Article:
Regents Prep: Living Environment: Laboratory:
Measurement

Volume Measurement
A commonly used instrument to measure liquid volume is the graduated cylinder. 
This instrument usually measures liquid volume in milliliters (ml).   

Using a Graduated Cylinder

It is important to remember to read to the bottom of the curved line or meniscus when measuring solutions involving water or most liquids.   The graduated cylinder at the left is divided into increments of 2 ml, so the volume in it is 12 ml.    The graduated cylinder on the right is divided into increments of 1 ml, so the volume in it is 16 ml.

Mass Measurement
The triple beam balance is commonly used to measure mass in the biology lab. This device is named for its three long beams on which sliding bars called riders (or tares) are used to determine the mass of an object placed on its platform.    It is very important that the riders on the rear beams are in the notch for the whole number of grams and not in between notches. The front beam is a sliding scale graduated in grams. The rider on this beam can be positioned anywhere on the scale. Masses on a triple-beam balance can be read to tenths of a gram and estimated to hundredths of a gram.

Using the Triple Beam Balance

The picture at the upper left shows two different models of triple beam balances commonly used in the biology laboratory.    The picture at the lower left shows the measurement of a mass in progress.    Without estimation, the mass of the object appears to be 373.3 grams (g).

Length Measurement  
Most measurements in biology will involve metric units of measurement.  It is good to start at a whole number increment that isn't 0.   Many times the end of a ruler will be worn away by student/teacher use or is inaccurate due to the manufacturing process.   It is important to remember to take away the whole number increment one has moved in on the ruler (in the example below 1 cm) from the measurement obtained.

Using a Ruler to Measure Length

Problem:  How long is leaf A?

The tip of the leaf is at about 6.5 cm, but note the measurement started at 1 cm.   Therefore, Leaf A is 5.5 cm or 55 mm. in length.

Microscopic Measurement
The magnifying power of most objectives and oculars is engraved on them. On the ocular, the marking can be found on the top edge or on the smooth cylinder that fits inside the body tube; on the objectives, magnification is on the side of the cylinder. For example, a marking "10x" means that the particular lens forms an image ten times larger than the object being viewed.  The total magnification of a microscope is equal to the power of the eyepiece (ocular) X power of the objective used.   For example, if a student is using a microscope with a 10 X ocular and a 43 X high power objective, the total magnification of the specimen the student is viewing is equal to 10 X 43 or 430 X (times).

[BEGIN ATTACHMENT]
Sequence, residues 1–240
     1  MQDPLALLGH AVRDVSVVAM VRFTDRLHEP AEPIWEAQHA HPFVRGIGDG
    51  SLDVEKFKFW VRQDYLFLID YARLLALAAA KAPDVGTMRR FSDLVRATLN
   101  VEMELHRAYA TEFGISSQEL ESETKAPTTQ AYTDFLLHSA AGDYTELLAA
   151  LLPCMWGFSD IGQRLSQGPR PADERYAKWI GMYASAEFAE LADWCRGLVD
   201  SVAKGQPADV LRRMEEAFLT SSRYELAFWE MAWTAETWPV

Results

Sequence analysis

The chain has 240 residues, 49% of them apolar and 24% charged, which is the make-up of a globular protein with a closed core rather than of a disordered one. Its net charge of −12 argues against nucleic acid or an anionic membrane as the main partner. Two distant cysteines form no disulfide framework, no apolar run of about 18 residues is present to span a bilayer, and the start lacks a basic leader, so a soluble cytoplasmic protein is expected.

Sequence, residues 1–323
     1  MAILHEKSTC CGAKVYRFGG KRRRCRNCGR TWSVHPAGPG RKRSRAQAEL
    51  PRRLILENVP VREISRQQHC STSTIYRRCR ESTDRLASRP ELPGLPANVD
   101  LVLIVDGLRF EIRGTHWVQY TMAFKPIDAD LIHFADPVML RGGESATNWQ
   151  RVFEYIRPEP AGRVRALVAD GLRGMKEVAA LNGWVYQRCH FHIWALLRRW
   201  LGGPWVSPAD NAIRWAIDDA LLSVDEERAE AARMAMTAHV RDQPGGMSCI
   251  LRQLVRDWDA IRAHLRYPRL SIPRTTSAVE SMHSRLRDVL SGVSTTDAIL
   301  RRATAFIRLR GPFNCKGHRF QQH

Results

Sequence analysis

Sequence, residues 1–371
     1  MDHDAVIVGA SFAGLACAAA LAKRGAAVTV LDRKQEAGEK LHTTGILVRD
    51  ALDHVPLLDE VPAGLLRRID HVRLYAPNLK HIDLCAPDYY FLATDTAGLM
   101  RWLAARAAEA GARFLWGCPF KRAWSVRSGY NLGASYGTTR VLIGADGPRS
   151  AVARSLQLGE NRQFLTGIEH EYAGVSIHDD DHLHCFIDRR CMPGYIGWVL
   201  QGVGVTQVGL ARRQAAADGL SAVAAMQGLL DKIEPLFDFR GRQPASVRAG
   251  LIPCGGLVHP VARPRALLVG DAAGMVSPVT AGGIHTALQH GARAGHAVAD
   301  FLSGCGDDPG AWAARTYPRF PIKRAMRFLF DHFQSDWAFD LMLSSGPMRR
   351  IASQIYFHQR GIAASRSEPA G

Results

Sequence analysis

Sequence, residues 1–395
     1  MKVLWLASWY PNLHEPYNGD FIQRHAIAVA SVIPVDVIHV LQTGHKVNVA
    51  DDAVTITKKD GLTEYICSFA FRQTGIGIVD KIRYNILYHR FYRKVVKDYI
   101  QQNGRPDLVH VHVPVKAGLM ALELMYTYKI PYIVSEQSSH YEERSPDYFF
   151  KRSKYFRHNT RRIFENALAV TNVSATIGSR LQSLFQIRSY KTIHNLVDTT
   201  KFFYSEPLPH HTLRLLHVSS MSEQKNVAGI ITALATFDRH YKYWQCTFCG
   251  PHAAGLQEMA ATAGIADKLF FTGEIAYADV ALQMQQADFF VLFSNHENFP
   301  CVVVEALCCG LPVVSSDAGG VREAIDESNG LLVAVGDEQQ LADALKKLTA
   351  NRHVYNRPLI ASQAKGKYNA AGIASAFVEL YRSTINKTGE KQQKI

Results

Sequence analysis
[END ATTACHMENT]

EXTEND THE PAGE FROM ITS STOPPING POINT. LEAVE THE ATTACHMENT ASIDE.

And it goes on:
Formula for Total Microscope Magnification

Total magnification

=

Power of the eyepiece

x

Power of
the
objective

The size of a microscopic field of view can be determined on low power using a device called an optical micrometer.   An economy version of this can be made by placing a clear metric ruler on
the stage of a microscope and using it to estimate the field of view.  The light microscope is used to look at cells or other similarly sized microscopic objects, so small units of measure such as millimeters or micrometers are used.  It is important to remember that there are 1,000 micrometers in 1 mm (millimeter) and 1000 millimeters in a meter.

Finding the Size of a Microscope Field of View

In the pictured field of view at the left, it can be observed that there are approximately 3 1/2 divisions equal to a length of 3.5 mm.   Therefore this field of view is equal to 3.5 mm
or 3,500 micrometers.

 

Finding the Size of Multiple Cells in a Field of View

The two cells in this field take up a field of view of one millimeter.  Therefore, the size of the specimen is equal to 1 mm/2 cells or 0.5 mm per cell.  There is 500 micrometers in 0.5 mm., so the average size of each cell is 500 micrometers.


Estimating Cell Size When the Field of View is Known

It is often difficult to approximate the approximate size of the field of view, but this ameba considered lengthwise appears to occupy approximately 1/3 of the field of view.   The field of view in the left image is 3 mm.   Given that the ameba in the image takes up about 1/3 of that field, we can find its approximate length by multiplying the 3 mm  X 1/3 = 1 mm length or 1,000 micrometers for the approximate length of this ameba.

The student is viewing the same ameba in the field of view at the right on a higher power.   The field of view gets smaller which makes the ameba appear larger in this field.

 

Created by James M. Buckley, Jr.
Copyright 1999-2003 Oswego City School District Regents Exam Prep Center
RegentsPrep and StudyZone are FREE educational resources.